What research data say

Polycystic Ovarian Syndrome (PCOS ) is a condition that affects a woman’s ability to conceive naturally, and to have healthy children. A study also found that women with PCOS are 59% more likely to have children with autism and other developmental issues. Lead researcher Dr Kyriaki Kosidou, of the Department of Public Health Sciences in Sweden, said: ‘The risk was further increased among mothers with both PCOS and obesity, a condition common to PCOS that is related to more severely increased androgens.’ The study found that the babies were exposed to sex hormones while inside the womb. The fertility-hindering symptoms of the condition obviously affects women of childbearing age 15-44 years.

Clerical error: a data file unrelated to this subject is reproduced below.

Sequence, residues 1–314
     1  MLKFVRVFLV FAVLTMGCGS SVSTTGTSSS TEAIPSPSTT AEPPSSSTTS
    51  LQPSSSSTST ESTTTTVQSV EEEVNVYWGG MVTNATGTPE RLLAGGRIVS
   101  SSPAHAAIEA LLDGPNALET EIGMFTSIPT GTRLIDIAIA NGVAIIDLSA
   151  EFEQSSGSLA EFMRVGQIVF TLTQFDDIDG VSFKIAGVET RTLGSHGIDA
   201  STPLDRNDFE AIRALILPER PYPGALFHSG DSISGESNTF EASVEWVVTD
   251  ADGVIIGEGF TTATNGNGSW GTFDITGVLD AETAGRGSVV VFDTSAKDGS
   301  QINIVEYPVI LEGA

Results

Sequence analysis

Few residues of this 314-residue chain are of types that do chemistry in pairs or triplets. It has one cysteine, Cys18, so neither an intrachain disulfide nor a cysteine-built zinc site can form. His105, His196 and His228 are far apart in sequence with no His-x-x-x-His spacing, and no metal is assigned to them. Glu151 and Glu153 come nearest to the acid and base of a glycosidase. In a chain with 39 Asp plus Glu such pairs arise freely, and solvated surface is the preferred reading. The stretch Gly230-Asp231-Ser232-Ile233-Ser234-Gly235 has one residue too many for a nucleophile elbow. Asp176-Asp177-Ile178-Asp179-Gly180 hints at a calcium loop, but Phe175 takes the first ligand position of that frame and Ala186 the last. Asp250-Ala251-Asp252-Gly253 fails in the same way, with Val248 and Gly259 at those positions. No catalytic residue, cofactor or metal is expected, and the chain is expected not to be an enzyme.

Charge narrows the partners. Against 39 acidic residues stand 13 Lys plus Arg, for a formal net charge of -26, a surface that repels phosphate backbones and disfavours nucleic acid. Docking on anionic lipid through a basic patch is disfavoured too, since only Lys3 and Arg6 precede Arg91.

No Single Test for PCOS

The symptoms continue after menopause, but in different ways. PCOS symptoms vary in severity from one woman to the other. As in my case, most women are not aware of the problem until they decide to have children. There is no single test that can diagnose the condition. Most first conventional medical tests do not even look in the direction of the hormones; they mainly look at the ovaries, the Fallopian tubes, and the endometrium (the tissue lining the inner cavity of the womb). Some of the women (as in my case) also develop fibroid tumors, and as a result medical attention gets diverted to the fibroid issue instead of the PCOS.

What Really Causes PCOS?

PCOS is caused by hormonal imbalance and the origins of such disorder is mainly genetic. It is not an acquired or contracted disease. Women with the condition are born with it.